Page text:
Awaiting local, federal elections
Writer: Fahmi Fadzil
Published: Fri, 29 Mar 2013
THE Malaysian political scene feels like it fits right in with the work of absurdist playwright Beckett’s play entitled ‘Waiting for Godot’, where two characters – Vladimir and Estragon – wait patiently for the arrival of Godot, who never arrives.
At least at the time of writing, rumours of impending dissolution of Parliament have been spreading at least twice in the past two weeks – once when a local Malay daily tweeted a picture of the Prime Minister at the Istana Negara, and once more when again he visited the official residence of the Agong.
Both times proved to be non-starters.
While we wait seemingly endlessly for the 13th General Election, I’d like to touch briefly on an aspect of democratic life which I feel needs to be resuscitated: local elections.
There are very strong arguments both for (eg increasing transparency and accountability among local government servants; “no taxation without representation”principle) and against (cost of running may see only certain groups being able to participate; voter fatigue) the bringing back of these local polls, which undoubtedly deserves its own article.
Even so, I proceed with the assumption that a significant number of people would wish to see the return of local elections in a post 13-GE Malaysia.
To that end, I would like to highlight certain areas or aspects – some say hurdles – that need to be overcome to ensure the third vote is returned to the people.
The first is legislative reform; as we’ve seen in states like Penang which has tried to conduct local elections by passing its own Local Government Elections Enactment 2012, existing laws like the Local Government Act 1976 – specifically Section 15 – do not allow polls to be conducted at the municipal level (this is currently being challenged by the Penang State Government at the Federal Court level).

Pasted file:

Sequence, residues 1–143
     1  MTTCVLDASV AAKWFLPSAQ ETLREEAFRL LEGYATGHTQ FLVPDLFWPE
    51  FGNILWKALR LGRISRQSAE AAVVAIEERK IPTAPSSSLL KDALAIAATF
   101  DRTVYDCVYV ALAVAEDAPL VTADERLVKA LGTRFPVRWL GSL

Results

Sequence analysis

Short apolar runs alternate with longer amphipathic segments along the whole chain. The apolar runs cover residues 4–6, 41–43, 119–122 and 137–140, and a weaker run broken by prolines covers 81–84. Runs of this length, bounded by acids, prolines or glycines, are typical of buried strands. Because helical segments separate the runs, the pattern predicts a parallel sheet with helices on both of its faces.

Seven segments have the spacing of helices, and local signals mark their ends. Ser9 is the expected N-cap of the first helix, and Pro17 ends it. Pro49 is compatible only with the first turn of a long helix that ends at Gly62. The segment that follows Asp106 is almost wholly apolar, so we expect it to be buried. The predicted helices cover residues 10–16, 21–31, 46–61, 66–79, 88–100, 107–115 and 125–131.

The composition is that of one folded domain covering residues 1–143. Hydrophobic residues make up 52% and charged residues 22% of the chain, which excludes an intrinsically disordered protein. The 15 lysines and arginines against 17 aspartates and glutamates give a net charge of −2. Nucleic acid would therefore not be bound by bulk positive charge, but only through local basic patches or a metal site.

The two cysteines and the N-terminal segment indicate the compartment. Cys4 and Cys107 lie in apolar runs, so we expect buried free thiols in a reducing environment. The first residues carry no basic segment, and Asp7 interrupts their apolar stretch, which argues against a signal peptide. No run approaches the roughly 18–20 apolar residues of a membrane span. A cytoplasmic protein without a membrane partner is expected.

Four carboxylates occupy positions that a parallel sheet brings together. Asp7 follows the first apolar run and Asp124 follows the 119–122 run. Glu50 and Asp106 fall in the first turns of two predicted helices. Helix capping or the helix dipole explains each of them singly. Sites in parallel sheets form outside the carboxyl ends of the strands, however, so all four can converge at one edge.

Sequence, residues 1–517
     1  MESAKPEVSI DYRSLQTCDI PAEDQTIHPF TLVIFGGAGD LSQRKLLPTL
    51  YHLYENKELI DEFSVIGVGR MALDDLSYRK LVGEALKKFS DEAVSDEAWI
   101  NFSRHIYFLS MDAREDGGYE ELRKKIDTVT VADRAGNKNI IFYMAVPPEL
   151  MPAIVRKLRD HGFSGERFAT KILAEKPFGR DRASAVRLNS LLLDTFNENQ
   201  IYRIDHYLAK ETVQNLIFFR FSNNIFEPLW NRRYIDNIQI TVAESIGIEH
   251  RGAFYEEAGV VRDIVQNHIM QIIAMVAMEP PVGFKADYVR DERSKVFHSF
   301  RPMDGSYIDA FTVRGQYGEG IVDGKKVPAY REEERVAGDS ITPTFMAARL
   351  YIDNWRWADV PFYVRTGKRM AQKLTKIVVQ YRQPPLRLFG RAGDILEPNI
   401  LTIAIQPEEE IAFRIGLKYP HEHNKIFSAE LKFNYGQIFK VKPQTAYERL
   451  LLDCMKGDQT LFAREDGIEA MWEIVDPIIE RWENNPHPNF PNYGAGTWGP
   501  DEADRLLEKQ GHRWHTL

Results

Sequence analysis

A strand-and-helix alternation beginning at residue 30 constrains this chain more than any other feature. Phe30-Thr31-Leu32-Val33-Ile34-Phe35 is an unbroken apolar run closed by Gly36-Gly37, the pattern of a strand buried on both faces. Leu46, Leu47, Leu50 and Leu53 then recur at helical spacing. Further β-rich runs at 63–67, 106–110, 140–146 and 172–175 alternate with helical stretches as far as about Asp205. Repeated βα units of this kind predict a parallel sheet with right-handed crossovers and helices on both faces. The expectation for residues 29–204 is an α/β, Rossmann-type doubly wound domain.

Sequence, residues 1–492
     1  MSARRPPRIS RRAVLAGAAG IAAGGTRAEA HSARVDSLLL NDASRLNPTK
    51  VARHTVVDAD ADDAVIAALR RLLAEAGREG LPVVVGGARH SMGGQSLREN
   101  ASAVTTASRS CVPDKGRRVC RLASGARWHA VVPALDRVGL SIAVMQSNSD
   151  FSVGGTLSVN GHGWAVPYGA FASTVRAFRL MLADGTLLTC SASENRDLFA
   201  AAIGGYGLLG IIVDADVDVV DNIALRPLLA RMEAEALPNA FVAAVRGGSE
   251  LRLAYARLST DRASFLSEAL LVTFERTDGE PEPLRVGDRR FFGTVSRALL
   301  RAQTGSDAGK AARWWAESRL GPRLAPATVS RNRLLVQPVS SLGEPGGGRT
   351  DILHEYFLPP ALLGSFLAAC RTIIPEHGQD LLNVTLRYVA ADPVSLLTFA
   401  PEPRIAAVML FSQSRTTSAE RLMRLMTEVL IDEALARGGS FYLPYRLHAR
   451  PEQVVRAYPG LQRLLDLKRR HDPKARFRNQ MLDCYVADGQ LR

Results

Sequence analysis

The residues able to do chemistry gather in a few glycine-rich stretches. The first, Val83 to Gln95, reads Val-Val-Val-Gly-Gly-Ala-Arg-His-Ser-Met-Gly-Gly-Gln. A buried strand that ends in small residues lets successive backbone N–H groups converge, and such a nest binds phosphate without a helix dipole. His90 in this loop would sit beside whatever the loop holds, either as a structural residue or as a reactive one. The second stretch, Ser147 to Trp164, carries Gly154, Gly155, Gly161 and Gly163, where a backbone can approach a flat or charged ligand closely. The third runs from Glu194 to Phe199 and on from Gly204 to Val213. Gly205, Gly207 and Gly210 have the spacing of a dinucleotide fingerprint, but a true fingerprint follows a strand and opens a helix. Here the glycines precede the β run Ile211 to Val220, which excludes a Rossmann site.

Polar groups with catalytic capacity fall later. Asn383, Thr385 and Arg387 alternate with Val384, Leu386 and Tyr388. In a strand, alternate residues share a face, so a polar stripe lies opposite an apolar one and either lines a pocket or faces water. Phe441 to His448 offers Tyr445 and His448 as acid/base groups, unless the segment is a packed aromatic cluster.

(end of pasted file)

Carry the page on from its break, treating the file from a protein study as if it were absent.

As such, said Act needs to be amended, which can only take place should there be political change in Putrajaya.
This segues nicely into the second area I’d like to discuss: political will.
Some observers have critiqued Pakatan Rakyat’s election manifesto, saying that PR has not stated clearly its commitment to local polls.
Such criticisms are not unwarranted, as the the matter has not been fully accepted by all component parties due to current political realities.
Even so, discussions are ongoing and bearing in mind Pakatan’s three-pronged Common Policy Framework, Buku Jingga, and progressive-reformist democratic spirit, one can be certain that with the takeover of Putrajaya the coalition is committed to laying the foundations for a return of the third vote.
The final area which requires some attention is cultural: a change in the mindset of the people towards the role of local government in relation to the state and federal governments.
It is high time we acknowledge the different roles and responsibilities held by elected or appointed representatives, and maintain healthy expectations of what can and should be done by such representatives.
This means we need to start seeing state assemblypersons and members of Parliament as legislators, whose primary function is to draft laws based on the experiences and responses received from their constituents; and we must recognize that local/municipal councillors are the go-to persons when it comes to local concerns such as rubbish, roads, and rodents.
Equally important is the awareness that democracy must be returned to the grassroots level, meaning that we need to keep the people interested in the democratic process of elections.
There is little point in being able to elect one’s mayor, but so very few actually turn out to vote.
Lastly, a reality check: perhaps we may not be able to accomplish all on our wishlist for local elections.
What is critical is seeing that change is coming, slowly and gradually, and we must work equally hard to ensure that the coming change is positive, sustainable, and lasting.